A Gatwick spokesman said: ‘ Pas­sen­gers should ex­pect some de­lays and can­cel­la­tions as we re­cover op­er­a­tions af­ter three days of dis­rup­tion.’

LAST week’s Gatwick drone fi­asco shut Bri­tain’s se­cond largest air­port for 33 hours, led to 1,000 flights be­ing grounded and r ui ned t he Christ­mases of 140,000 peo­ple caught up in the chaos. It also ex­posed de­pressi ng l evels of i ncom­pe­tence within our Gov­ern­ment, se­cu­rity ser­vices and air­ports.

At ev­ery stage of the saga, the pub­lic has been shame­fully let down by those paid to pro­tect us and keep the wheels of the coun­try turn­ing.

As long ago as July, Gatwick had in­for­ma­tion about a threat from drones, but did pretty much noth­ing. And while the tech­nol­ogy has been avail­able to neu­tralise these de­vices for some time, none of it was in place at the air­port.

Then there was the White­hall war about who was in charge of the op­er­a­tion to bring Gatwick back into com­mis­sion.

All the while, pas­sen­gers were left stranded.

When you put it all to­gether, the Gatwick drone saga is the per­fect metaphor for what has hap­pened to this coun­try. We think of our­selves as a global su­per­power but, when de­ci­sive ac­tion is needed, it’s like we have t he parish coun­cil in charge. There seems to be lit­tle lead­er­ship or joined-up think­ing. But, nat­u­rally, no short­age of pos­tur­ing.

Of course, we will now be told that ‘ les­sons will be learned’ from what has hap­pened last week. But who will have any faith that this is true?

What we can be sure of is that, given the law as it stands, any penalty cer­tainly won’t fit the crime. There is a max­i­mum of five years in prison for en­dan­ger­ing the safety of an air­craft. That would come nowhere near an ap­pro­pri­ate sen­tence for all the Christ­mas hol­i­days that have been sab­o­taged, and tens of mil­lions of pounds lost.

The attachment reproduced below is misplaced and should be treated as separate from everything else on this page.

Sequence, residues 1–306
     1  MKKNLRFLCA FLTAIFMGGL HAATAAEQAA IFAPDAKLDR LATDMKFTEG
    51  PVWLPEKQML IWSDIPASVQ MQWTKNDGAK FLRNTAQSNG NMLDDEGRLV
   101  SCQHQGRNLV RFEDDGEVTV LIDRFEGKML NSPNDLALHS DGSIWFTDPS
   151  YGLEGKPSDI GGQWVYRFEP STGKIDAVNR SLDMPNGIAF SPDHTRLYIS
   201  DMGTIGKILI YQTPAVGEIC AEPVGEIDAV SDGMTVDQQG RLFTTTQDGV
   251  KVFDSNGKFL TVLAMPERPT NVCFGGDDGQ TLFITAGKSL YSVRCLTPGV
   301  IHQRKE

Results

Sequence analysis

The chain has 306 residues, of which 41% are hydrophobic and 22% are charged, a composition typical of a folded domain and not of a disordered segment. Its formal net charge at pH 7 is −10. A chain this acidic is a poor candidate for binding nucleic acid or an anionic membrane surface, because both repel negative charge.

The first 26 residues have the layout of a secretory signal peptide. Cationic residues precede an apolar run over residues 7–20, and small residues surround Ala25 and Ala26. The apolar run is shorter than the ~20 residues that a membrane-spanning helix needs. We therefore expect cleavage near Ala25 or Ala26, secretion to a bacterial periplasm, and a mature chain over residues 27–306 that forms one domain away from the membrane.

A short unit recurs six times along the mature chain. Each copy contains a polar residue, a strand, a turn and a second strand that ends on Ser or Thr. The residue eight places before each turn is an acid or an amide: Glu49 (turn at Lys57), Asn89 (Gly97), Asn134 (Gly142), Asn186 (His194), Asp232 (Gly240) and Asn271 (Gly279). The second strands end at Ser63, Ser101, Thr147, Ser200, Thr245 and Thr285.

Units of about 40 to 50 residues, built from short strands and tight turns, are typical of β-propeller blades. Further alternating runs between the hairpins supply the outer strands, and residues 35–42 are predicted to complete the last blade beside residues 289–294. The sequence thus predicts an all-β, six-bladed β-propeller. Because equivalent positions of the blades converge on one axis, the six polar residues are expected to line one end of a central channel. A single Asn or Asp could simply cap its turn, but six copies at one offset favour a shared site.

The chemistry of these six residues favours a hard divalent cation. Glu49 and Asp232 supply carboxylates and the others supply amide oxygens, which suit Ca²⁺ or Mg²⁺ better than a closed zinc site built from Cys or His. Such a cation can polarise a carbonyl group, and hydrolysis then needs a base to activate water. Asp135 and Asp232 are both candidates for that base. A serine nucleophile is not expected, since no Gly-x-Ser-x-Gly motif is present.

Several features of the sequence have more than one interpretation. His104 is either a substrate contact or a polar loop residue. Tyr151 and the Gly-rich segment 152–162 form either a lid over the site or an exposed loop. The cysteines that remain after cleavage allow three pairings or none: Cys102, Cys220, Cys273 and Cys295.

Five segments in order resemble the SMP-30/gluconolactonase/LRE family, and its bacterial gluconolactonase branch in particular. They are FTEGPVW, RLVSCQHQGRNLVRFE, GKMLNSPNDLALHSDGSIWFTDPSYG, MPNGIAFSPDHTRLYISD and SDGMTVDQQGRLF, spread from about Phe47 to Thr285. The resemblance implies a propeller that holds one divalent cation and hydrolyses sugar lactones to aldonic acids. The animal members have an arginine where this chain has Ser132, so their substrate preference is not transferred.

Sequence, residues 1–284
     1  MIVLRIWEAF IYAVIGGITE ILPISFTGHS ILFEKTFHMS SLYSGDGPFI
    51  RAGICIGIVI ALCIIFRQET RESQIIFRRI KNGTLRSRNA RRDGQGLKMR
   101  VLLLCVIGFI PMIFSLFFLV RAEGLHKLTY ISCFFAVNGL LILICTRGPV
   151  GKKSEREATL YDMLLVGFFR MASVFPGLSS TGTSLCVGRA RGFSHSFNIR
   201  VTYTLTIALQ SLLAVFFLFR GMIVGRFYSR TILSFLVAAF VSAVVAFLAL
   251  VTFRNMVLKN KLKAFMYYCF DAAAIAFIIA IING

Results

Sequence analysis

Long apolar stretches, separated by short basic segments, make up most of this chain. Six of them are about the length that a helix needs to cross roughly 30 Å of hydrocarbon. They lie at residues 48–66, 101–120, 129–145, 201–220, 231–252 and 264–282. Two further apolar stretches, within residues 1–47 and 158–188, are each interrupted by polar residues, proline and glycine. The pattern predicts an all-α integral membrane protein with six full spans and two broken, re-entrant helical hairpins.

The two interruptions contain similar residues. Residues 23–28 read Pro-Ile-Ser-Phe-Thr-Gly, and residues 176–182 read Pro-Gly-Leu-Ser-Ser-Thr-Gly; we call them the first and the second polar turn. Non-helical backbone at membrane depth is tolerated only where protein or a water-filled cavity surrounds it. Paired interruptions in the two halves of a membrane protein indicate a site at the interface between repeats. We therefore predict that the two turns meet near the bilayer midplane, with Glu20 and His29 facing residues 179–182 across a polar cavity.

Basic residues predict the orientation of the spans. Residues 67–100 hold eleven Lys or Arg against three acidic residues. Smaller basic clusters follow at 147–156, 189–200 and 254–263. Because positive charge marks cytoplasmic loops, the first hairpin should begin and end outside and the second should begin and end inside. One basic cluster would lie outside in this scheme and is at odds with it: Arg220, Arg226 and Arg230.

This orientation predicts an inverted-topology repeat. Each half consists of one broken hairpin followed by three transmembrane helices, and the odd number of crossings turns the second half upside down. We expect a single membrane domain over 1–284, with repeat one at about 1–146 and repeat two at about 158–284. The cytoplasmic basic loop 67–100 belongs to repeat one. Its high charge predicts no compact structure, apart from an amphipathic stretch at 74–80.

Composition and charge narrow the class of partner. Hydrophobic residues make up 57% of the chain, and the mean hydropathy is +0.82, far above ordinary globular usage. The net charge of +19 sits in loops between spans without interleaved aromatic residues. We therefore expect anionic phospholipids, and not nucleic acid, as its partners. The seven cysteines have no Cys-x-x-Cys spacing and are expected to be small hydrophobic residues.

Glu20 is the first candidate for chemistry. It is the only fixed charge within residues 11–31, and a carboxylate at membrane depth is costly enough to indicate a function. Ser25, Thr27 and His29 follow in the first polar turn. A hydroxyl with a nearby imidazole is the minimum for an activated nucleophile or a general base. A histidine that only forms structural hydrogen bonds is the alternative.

This drone ‘at­tack’ may have not caused any loss of life, but the events of the past few days should bring home that the threat from such ma­chines is ter­ri­fy­ingly real. Drones are eas­ily weaponised with guns or poi­sonous gases by those with ma­lign in­tent. What if that had been the case last week?

At least now no one will be able to claim sur­prise if, in the not­too-dis­tant fu­ture, we are sub­jected to an­other threat from the skies – one that could be deadly. The au­thor­i­ties should con­sider them­selves on no­tice.

It’ s not like they haven’ t al­ready had the op­por­tu­nity to tighten up the laws on drones. Of­fi­cials had been plan­ning leg­is­la­tion to pro­tect air­ports but Trans­port Sec­re­tary Chris Grayling blocked it be­cause his depart­ment was too busy mak­ing prepa­ra­tions for a No Deal Brexit. The re­sult is that we are a nu­clear power – the sixth big­gest econ­omy in the world – but can’t even deal with a child’s toy.

None of this will be any com­fort to those caught up in the chaos. For them, months of sav­ing and an­tic­i­pa­tion have ended in noth­ing but frus­tra­tion.

Mean­while, all too pre­dictably, air­lines tried to cash in on those try­ing to book al­ter­na­tive flights by hik­ing up prices.

These trav­ellers and hol­i­day­mak­ers de­serve bet­ter than those who let them down last week.

We hope that when they fi­nally reach their des­ti­na­tions, all those who have been so griev­ously dis­rupted by t he Gatwick chaos do fi­nally have a very happy Christ­mas, just as we wish the same to all our read­ers.

SUS­PECTS: Paul Gait and his wife Elaine Kirk were ar­rested at their home over the drone chaos